Every parent I know has relied on the magic soothing abilities of a pacifier at one time or another, and for good reason. There's no arguing their effectiveness. Nothing quiets a crying baby faster with as little effort as popping a soother in their mouth.
Now, I'm not anti-pacifier, but I do think they should be used in certain circumstances, and that they can have a negative effect on sleep if used at bedtime.
In today's show, I'll tell you my thoughts on when is the right time to use them, when you should avoid it, and when is the right time to do away with them for good.
According to a 2013 analysis by the NHIS, nearly 10% of children aged 4-17 were been diagnosed with ADHD at some point in their lives.
The trademark symptoms, hyperactivity, lack of focus, and forgetfulness, are easily attributed to the disorder, but my guest today has shown compelling evidence that many kids who display them are actually not suffering from ADHD at all, but actually from a lack of sleep.
Dr Vatsal Thakkar, Clinical Assistant Professor of Psychiatry at the New York University School of Medicine, and author of the New York Times opinion article Diagnosing the Wrong Deficit, joins me on today's episode to discuss why the two conditions are so easily mistaken for one another, and how a renewed focus on your little one's sleep habits might just be the solution to the problem.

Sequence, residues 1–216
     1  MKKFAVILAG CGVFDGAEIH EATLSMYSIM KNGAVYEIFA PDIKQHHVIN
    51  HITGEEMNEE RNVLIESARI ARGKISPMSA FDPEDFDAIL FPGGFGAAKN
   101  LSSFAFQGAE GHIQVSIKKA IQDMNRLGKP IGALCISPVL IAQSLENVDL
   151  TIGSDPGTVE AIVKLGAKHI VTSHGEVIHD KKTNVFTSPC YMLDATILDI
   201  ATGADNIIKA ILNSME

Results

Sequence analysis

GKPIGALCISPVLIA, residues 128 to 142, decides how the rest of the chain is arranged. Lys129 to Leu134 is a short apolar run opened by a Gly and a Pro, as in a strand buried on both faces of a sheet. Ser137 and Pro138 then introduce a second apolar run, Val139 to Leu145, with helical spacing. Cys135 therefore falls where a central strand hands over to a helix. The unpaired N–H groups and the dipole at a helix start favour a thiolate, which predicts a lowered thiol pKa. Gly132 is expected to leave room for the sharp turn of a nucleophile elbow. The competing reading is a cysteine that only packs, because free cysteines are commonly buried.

Some parents love the experience of sleeping next to their baby, whereas others end up doing it out of necessity, enduring the inevitable fingers in the nose and late-night kicks to the belly in exchange for an otherwise peaceful night.
But at some point, the time comes when your little one has to move into their own room and stay there, which, as many parents know, can be cause for a series of midnight meltdowns.
In today's episode, I have a bunch of useful tips for deciding if it's the right time to make the switch, explaining it to your child in a way they'll actually understand and (hopefully) embrace, and setting rules and rewards that will stop those middle-of-the-night visits and get your child sleeping on their own for good.